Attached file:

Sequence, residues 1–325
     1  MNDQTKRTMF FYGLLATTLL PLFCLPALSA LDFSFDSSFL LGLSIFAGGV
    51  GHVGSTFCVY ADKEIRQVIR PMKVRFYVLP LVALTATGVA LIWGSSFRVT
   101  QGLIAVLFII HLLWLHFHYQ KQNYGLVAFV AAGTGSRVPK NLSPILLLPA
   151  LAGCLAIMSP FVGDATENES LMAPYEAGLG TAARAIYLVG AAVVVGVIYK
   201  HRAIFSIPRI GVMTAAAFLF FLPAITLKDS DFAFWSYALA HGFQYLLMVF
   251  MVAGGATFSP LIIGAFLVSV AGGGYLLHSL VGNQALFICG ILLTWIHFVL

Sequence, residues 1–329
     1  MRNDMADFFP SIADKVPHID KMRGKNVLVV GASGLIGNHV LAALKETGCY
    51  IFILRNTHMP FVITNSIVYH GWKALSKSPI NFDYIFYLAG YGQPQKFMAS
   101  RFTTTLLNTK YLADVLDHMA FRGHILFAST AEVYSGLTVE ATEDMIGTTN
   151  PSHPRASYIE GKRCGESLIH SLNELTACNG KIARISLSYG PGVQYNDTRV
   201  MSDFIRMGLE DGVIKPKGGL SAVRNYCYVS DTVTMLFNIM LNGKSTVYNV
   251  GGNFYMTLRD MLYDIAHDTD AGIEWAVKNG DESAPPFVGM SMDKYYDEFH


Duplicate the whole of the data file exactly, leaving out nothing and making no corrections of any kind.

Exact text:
Sequence, residues 1–325
     1  MNDQTKRTMF FYGLLATTLL PLFCLPALSA LDFSFDSSFL LGLSIFAGGV
    51  GHVGSTFCVY ADKEIRQVIR PMKVRFYVLP LVALTATGVA LIWGSSFRVT
   101  QGLIAVLFII HLLWLHFHYQ KQNYGLVAFV AAGTGSRVPK NLSPILLLPA
   151  LAGCLAIMSP FVGDATENES LMAPYEAGLG TAARAIYLVG AAVVVGVIYK
   201  HRAIFSIPRI GVMTAAAFLF FLPAITLKDS DFAFWSYALA HGFQYLLMVF
   251  MVAGGATFSP LIIGAFLVSV AGGGYLLHSL VGNQALFICG ILLTWIHFVL

Sequence, residues 1–329
     1  MRNDMADFFP SIADKVPHID KMRGKNVLVV GASGLIGNHV LAALKETGCY
    51  IFILRNTHMP FVITNSIVYH GWKALSKSPI NFDYIFYLAG YGQPQKFMAS
   101  RFTTTLLNTK YLADVLDHMA FRGHILFAST AEVYSGLTVE ATEDMIGTTN
   151  PSHPRASYIE GKRCGESLIH SLNELTACNG KIARISLSYG PGVQYNDTRV
   201  MSDFIRMGLE DGVIKPKGGL SAVRNYCYVS DTVTMLFNIM LNGKSTVYNV
   251  GGNFYMTLRD MLYDIAHDTD AGIEWAVKNG DESAPPFVGM SMDKYYDEFH